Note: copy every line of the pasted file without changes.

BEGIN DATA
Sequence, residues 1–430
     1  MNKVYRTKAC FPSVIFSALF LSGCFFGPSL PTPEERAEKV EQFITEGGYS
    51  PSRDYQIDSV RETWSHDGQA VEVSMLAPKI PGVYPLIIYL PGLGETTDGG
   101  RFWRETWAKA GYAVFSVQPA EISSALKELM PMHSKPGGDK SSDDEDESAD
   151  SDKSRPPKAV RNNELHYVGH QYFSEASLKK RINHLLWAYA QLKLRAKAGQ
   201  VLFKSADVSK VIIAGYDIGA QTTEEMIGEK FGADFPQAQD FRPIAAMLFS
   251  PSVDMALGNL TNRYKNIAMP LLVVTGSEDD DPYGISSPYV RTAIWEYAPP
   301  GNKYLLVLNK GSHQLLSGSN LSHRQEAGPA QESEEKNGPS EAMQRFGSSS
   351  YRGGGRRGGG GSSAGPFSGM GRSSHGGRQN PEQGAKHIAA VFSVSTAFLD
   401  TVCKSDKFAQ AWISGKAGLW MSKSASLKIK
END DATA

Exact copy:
Sequence, residues 1–430
     1  MNKVYRTKAC FPSVIFSALF LSGCFFGPSL PTPEERAEKV EQFITEGGYS
    51  PSRDYQIDSV RETWSHDGQA VEVSMLAPKI PGVYPLIIYL PGLGETTDGG
   101  RFWRETWAKA GYAVFSVQPA EISSALKELM PMHSKPGGDK SSDDEDESAD
   151  SDKSRPPKAV RNNELHYVGH QYFSEASLKK RINHLLWAYA QLKLRAKAGQ
   201  VLFKSADVSK VIIAGYDIGA QTTEEMIGEK FGADFPQAQD FRPIAAMLFS
   251  PSVDMALGNL TNRYKNIAMP LLVVTGSEDD DPYGISSPYV RTAIWEYAPP
   301  GNKYLLVLNK GSHQLLSGSN LSHRQEAGPA QESEEKNGPS EAMQRFGSSS
   351  YRGGGRRGGG GSSAGPFSGM GRSSHGGRQN PEQGAKHIAA VFSVSTAFLD
   401  TVCKSDKFAQ AWISGKAGLW MSKSASLKIK